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Advisors Must Shift LinkedIn to the Top of Their Social Media Strategy

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Advisors who want to connect with their peers and expand their businesses should create blogs and LinkedIn profiles, then master the compliance rules needed to run those accounts effectively, said speakers at the Women Advisors Forum in New York on Thursday

The numbers are compelling, as 61% of advisors using a LinkedIn account said they have acquired a client through it, says Marie Swift, president and CEO of Impact Communications, citing a Hubspot 2011 survey of 611 advisors. Also, 47% of advisors using a blog said they had acquired a client through it.

“When we think back 10 years ago, the thought was: ‘What is the use of a Web site?’” says Swift, who is also a regular blogger for Financial Planning. “When we look back, social media will be the norm. It’s the way the way we’ll communicate and connect.”

Advisors should use industry keywords throughout their LinkedIn profiles and include working URLs, so the profiles will always appear high on Internet searches Swift says.

Morgan Stanley Smith Barney is pilot testing social media protocols, says Valentina Chtchedrine, the company's vice president of digital strategy and experience. LinkedIn is the hands-down preferred mode of social networking for advisors, she says. It is a gathering place for professionals, so it offers plenty of resources to gather client leads and do so with lots of personal privacy.

LinkedIn allows users to search for firms and personal connections based on zip codes. The site displays results according to which users are in the advisor’s network, Chtchedrine says.

The firm is finding that Twitter is a useful information-gathering tool, as opposed to one where advisors volunteer a lot of information, she says.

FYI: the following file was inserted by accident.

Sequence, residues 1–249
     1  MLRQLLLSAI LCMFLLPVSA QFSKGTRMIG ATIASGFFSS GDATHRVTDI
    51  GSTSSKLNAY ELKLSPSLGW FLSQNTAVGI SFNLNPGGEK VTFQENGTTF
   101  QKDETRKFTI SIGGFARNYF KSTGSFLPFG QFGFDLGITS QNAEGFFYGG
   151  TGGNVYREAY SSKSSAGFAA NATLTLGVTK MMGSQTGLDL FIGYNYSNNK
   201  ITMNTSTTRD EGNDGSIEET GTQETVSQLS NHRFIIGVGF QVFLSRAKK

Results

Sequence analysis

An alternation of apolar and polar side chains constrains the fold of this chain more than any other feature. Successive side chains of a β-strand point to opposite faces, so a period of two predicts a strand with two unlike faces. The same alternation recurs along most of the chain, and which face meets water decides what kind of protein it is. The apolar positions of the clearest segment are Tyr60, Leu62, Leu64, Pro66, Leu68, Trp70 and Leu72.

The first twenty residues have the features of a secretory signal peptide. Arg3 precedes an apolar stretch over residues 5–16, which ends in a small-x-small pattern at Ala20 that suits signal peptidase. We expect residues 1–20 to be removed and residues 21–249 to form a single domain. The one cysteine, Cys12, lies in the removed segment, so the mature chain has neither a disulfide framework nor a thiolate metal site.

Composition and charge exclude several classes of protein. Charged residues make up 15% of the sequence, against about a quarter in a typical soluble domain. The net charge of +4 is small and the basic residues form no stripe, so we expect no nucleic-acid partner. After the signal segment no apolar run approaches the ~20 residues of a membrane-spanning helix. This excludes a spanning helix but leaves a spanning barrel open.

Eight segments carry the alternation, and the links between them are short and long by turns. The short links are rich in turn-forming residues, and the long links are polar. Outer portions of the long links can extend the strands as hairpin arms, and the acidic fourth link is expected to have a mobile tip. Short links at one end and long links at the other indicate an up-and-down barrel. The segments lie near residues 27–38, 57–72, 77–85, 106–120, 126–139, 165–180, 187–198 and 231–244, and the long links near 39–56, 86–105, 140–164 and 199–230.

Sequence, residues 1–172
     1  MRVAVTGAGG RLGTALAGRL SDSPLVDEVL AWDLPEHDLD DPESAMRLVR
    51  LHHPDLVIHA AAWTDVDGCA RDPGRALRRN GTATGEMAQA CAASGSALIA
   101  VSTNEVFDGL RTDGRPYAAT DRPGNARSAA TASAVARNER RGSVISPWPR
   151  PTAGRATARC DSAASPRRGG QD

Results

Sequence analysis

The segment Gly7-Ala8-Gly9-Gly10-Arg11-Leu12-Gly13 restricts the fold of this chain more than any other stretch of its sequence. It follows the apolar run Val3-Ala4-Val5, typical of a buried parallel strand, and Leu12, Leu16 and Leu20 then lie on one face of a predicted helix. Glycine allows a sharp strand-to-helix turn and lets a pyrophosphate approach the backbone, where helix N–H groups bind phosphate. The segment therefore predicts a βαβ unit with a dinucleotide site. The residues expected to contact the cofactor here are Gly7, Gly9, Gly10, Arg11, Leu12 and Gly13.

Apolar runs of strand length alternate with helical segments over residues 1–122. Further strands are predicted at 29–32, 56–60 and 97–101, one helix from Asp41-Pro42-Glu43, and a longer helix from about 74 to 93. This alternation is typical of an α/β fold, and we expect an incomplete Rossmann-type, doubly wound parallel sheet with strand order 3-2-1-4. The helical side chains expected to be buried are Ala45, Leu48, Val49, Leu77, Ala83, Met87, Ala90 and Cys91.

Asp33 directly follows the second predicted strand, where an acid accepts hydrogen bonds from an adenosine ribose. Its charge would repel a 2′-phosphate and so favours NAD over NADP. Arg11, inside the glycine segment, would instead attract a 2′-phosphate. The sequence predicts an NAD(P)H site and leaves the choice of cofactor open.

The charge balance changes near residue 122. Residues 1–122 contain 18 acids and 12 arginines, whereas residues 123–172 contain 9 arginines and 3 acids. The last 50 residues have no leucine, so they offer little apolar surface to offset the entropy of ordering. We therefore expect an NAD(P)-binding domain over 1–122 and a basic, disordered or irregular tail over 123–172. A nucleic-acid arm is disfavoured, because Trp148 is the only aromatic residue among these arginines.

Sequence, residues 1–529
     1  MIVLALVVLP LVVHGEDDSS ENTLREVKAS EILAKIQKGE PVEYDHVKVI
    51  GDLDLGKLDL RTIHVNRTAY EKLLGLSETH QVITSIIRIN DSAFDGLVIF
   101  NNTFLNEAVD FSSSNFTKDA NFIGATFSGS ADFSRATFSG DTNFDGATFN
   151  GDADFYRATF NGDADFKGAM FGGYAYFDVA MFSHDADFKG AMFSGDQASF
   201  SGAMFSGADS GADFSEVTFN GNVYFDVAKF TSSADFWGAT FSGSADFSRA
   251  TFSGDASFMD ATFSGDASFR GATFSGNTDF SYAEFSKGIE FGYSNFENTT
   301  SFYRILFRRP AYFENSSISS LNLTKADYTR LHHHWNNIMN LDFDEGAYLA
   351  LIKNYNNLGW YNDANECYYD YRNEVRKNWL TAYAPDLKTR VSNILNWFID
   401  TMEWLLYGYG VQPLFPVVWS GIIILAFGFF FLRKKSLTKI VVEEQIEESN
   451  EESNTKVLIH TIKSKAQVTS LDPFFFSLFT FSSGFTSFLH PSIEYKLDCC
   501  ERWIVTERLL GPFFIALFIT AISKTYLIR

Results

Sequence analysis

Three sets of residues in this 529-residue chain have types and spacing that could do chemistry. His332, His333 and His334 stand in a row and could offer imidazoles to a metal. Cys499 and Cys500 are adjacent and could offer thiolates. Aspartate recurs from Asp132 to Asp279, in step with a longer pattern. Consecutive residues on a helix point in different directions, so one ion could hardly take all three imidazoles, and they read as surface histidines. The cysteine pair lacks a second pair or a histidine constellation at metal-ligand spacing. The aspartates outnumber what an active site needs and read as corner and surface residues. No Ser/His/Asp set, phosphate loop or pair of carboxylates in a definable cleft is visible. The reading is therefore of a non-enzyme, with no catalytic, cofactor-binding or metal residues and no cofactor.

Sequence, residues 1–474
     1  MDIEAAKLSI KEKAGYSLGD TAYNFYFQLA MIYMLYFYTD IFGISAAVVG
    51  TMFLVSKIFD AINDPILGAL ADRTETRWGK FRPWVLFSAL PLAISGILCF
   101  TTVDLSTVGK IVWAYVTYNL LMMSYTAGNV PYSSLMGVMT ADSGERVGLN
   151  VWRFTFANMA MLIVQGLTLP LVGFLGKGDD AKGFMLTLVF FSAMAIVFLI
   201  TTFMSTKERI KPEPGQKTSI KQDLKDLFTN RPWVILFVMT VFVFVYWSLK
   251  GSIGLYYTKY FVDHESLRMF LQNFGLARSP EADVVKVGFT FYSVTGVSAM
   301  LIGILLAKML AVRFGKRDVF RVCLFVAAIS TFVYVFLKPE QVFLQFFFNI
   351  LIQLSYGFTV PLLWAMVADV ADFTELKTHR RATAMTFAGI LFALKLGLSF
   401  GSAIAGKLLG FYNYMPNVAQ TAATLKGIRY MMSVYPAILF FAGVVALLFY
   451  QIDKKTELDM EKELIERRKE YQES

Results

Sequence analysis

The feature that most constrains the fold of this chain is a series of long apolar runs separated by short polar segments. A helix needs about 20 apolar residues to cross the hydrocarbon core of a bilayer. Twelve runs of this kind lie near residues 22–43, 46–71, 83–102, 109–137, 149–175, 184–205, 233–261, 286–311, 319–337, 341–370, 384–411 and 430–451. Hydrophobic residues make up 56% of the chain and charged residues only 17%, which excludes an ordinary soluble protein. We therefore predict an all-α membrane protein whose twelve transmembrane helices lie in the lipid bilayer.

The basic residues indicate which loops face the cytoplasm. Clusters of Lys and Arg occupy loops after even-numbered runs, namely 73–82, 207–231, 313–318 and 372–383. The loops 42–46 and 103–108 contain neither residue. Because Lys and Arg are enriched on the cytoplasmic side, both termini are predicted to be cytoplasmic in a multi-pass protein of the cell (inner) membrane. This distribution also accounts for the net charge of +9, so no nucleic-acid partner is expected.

Facebook, the overwhelmingly popular social networking tool, can be useful for business purposes if advisors use it correctly, Swift says. Business Facebook accounts should use photos and be rich in other visual media, but advisors should always be circumspect about what they share on those Web sites.

The established social networking sites are just the beginning for advisors who want to ramp up social media strategies, Google+ is gaining traction among advisors because users can sort their contacts into groups and tailor content to those groups, Chtchedrine says.

There are also several popular applications to augment existing social media and networking profiles. Instagram, now in talks for a $1 billion acquisition deal with Facebook, allows users to easy photo sharing. Also, Pinterest allows users to share videos, photos and other content centered on areas of interest.

Advisors should also make their LinkedIn profiles more dynamic by including slideshows, voice-over narrated PowerPoint presentations, and videos.

Building effective social media profiles might seem overwhelming, but it can be done, said the speakers. Advisors can tackle the task by familiarizing themselves with the features and developing strategies for how to use them.

Women are known as natural communicators, but social media sites should be reigned in from sharing too much for compliance reasons, according to the speakers. On LinkedIn, for instance, regulators consider profiles as advertisements. Recommendations are seen as testimonials, making them subject to SEC prohibitions on testimonials in advertising.

LinkedIn has functions that allow users to filter recommendations before they go live, so they can finesse out any language that would raise red flags with regulators, according to Swift. If recommendations come in that cannot be used, Swift suggests keeping them in an electronic journal and reviewing them later as affirmations.

There are also third-party firms available to help. The Faulkner Media Group, which provides digital marketing tools, and Emerald Connect, which provides digital marketing tools to financial services professionals, provide compliance-approved content. Advisors can also ask their broker-dealers, custodians and newsletter providers for guidance.

Advisors should avoid the temptation to always post the same message across several platforms at once using aggregator sites like HootSuite, says Swift.

Above all, be judicious about how much is spent on social media sites, the speakers said.

“Choose where you are going to spend your time,” Swift says. “Whatever you decide is your strategy, budget your time and stick to that, because it can be time consuming.” 

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